CAMERA prompts corrections in English, Hebrew and Arabic after Israeli and Jewish media outlets relied on a report in Sky News Arabia which inflated Zogby poll findings about Arab support for normalization with Israel. Only the Conservative Washington Examiner is the outlier, failing to set the record straight.
As anyone with a passing familiarity with the region knows, there have been no Israeli settlements in Gaza since 2005.
In a Vox explainer which begs explaining, Brent Sasley twists himself into a pickle over "creeping annexation" versus "substantive change." Interviewer Jen Kirby stumbles on the "return" of West Bank land to Palestinians and the duo erase Palestinian Authority control in the West Bank Areas A and B.
Contrary to The New York Times report, Israeli settlers did not criticize the Trump plan for not "annex[ing] enough Palestinian land." Indeed, the West Bank land in question is disputed and is not currently under Palestinian control, nor was it ever.
Taking a page out of the book of President Abbas, The New York Times publishes maps which falsely suggest that under President Trump's plan Palestinians will get significantly less land than they now control, when in fact the opposite is true.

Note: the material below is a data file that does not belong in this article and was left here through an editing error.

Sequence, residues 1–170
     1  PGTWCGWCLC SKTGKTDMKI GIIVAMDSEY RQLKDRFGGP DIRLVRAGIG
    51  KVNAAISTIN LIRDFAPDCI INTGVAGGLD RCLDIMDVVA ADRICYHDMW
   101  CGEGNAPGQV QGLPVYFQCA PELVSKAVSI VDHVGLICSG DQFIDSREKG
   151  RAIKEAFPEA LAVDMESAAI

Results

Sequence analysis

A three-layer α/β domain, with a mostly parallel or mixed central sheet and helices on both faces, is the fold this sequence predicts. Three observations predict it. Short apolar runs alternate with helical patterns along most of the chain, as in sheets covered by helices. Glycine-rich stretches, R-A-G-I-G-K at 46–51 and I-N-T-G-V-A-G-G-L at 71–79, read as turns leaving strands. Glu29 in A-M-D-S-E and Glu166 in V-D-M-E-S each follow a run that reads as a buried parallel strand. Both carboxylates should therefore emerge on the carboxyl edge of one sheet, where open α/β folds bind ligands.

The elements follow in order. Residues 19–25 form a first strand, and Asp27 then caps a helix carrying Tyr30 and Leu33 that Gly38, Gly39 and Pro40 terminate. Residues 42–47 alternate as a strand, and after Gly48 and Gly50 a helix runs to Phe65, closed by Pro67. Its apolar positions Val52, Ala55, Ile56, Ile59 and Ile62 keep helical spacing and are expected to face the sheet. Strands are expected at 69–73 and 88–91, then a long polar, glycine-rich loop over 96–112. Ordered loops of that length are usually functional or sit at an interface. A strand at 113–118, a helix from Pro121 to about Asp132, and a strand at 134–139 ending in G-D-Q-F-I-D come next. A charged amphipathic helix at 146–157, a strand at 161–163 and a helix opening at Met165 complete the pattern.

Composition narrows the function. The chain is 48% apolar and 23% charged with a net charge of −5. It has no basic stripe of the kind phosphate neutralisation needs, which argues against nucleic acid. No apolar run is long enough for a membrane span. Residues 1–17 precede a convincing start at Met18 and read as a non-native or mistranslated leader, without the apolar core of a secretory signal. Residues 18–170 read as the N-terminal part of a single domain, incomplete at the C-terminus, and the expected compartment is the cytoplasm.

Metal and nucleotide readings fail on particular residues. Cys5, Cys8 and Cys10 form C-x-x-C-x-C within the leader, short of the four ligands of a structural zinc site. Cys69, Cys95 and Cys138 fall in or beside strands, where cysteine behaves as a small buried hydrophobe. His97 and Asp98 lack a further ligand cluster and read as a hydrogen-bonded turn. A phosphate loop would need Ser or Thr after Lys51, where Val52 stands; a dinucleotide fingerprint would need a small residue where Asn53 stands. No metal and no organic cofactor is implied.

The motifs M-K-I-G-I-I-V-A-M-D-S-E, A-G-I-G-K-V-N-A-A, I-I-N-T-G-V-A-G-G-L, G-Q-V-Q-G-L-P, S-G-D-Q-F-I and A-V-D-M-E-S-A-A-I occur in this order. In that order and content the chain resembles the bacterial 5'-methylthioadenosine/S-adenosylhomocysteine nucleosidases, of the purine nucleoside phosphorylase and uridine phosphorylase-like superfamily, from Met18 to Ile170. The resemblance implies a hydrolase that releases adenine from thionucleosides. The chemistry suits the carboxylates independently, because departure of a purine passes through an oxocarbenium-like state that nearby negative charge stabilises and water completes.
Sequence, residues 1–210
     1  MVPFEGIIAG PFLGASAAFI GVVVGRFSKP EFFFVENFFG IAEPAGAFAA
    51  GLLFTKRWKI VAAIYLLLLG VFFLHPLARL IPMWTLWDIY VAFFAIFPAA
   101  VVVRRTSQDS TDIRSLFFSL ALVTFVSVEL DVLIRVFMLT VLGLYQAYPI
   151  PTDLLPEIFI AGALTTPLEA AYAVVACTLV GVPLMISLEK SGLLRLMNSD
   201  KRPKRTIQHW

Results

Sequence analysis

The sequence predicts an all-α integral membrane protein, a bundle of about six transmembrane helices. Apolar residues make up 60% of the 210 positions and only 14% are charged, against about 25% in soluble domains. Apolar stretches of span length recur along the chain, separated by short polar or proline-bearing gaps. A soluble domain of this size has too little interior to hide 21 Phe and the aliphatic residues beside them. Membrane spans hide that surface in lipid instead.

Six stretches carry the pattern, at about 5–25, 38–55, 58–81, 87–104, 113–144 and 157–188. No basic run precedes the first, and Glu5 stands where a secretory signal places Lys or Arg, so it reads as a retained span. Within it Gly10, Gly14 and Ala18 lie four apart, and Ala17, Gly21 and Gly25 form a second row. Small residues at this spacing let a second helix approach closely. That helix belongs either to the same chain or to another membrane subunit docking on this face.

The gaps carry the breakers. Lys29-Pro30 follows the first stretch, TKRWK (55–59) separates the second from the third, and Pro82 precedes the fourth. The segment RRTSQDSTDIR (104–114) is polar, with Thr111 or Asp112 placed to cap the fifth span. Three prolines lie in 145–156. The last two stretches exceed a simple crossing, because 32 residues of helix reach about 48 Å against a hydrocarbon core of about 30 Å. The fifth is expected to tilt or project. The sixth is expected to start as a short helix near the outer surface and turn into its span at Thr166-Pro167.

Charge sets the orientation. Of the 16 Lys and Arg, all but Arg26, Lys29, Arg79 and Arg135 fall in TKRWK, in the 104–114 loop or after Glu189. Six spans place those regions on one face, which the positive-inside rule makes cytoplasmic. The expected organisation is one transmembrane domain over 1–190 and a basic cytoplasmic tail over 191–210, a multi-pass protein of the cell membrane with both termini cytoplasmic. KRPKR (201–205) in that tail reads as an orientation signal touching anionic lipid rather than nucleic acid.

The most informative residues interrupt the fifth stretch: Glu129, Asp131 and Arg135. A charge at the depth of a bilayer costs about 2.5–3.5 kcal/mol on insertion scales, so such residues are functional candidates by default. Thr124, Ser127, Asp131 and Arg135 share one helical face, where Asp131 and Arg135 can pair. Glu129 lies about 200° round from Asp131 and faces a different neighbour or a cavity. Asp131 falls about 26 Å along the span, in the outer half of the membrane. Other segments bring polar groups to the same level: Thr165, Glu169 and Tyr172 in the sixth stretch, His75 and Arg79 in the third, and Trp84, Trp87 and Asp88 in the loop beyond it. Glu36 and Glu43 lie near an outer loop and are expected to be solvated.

Agence France Presse has failed to substantiate the questionable claim that most Israelis support annexation of the Jordan Valley. Extensive searches did not turn up results to support the assertion.
A Reuters about Israeli Arab fears concerning President Trump's "Prosperity to Peace" plan wrongly suggests that residents of Arab towns in "The Triangle" region of northern Israel are in danger of being uprooted from their homes and land.
Palestinian President Mahmoud Abbas yesterday displayed egregiously misleading propaganda maps showing the allegedly diminishing lands of "historic Palestine" and giving an inaccurate picture of the Trump proposal. AFP captions treat Abbas' maps at face value, providing no context about the gross falsehoods.